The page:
Gifted programming is aligned with gifted student's assessment data and ALP goals in the area(s) of giftedness. The following program options are among those available at RFSD:
Schoolwide Cluster Grouping Model—An inclusion model in which a "cluster" of gifted students are integrated into mixed-ability classrooms with teachers trained to provide appropriate differentiated learning opportunities. Cluster grouping allows teachers with specialized training in gifted education to challenge gifted students in all content areas. The pacing of instruction and the depth of content that gifted students need is made possible through compacting, differentiation, and flexible grouping arrangements (Winebrenner & Brulles, 2008)
Flexible Grouping (Interest Based)—involves grouping students together for different purposes. The groups are formed based on ability, achievement, or interest, and should be fluid and flexible. Some common methods used to form flexible groups that are successful with gifted students include grouping by: • Interest area(s) • Content mastery • Ability level • Project choice • Readiness level for targeted objective. This can be done at the school-level or within a classroom.
Flexible Grouping (Schoolwide flooding)—if the grade level has a common time for a specific subject, students are grouped according to ability level to receive instruction in their zone of proximal development. Schools that practice flooding MUST have provisions in place for students whose abilities reach beyond their grade span.
Content Replacement Programs “Pull-Out”—students usually receive accelerated learning opportunities in a specific subject area in an alternative classroom setting. Gifted students are typically pulled out of the regular classroom for replacement of services in math and/or reading. On average, the content is one to two grade levels beyond the student’s assigned grade.
Grade-level Acceleration—Advancing a child one or more entire grade levels to expose him/her to more advanced curriculum.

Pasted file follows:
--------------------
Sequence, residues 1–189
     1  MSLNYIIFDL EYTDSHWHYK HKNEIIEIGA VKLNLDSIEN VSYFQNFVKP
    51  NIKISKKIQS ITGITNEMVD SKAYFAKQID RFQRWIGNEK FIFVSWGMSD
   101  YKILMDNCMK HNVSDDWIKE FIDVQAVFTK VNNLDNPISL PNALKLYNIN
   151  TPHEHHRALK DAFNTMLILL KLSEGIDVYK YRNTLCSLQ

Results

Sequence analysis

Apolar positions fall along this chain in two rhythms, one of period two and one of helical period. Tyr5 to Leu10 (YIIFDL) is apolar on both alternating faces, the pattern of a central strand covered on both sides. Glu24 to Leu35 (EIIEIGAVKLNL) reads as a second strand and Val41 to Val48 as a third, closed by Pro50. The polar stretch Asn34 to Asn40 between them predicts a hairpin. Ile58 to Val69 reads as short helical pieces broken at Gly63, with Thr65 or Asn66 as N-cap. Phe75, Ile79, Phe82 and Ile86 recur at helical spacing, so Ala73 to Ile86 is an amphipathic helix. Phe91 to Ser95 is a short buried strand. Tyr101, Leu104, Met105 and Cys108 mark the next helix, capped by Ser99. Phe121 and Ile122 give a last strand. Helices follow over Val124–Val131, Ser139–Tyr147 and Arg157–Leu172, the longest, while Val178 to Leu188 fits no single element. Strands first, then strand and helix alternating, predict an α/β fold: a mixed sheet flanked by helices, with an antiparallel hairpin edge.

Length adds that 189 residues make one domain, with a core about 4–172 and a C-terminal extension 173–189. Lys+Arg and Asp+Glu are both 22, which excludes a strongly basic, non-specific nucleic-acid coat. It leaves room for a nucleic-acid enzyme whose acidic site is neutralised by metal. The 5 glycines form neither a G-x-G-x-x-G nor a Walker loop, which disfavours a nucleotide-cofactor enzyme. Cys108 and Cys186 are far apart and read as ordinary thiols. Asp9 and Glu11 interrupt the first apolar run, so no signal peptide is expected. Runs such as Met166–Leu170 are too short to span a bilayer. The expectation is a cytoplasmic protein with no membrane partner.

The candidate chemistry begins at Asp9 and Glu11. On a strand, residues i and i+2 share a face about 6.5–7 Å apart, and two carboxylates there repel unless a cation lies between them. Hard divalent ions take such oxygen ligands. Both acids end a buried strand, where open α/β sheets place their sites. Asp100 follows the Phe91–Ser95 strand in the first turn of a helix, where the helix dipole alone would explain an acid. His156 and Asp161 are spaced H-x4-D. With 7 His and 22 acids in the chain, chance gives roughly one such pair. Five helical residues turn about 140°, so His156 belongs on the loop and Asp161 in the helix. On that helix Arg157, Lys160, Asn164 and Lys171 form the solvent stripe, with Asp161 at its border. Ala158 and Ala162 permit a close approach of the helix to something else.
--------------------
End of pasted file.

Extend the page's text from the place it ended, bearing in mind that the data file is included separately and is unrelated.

Subject Area Acceleration—Advancing a child in one or more subjects (advanced math classes, higher grade level reading groups, dual enrollment in college).
Independent Study—A formal independent study allows a student to research an area of passion and work with experts in the field to deepen knowledge and understanding.
Mentorships—Students are matched with an expert in a field of interest and given an opportunity to learn more about a specific topic. This works best in conjunction with an independent study.
Dual Enrollment—Allows high school students the opportunity to take college level courses and receive high school credit at the same time they are earning college credit.
Social and Emotional Programs
In addition to academic programming, gifted students are served through a variety of programs that address their unique social and emotional needs which may include:
• Individual counseling
• “Friends” groups
• “Lunch-Bunch” groups
• Transition support (building change, college planning)
• Advisory Groups (underachievement, perfectionism, goal-setting, social skills, etc.)
Social and Emotional Supports are also woven into regular program delivery and augmented with specific small group supports as needed.
Examples of different levels of support based on identification: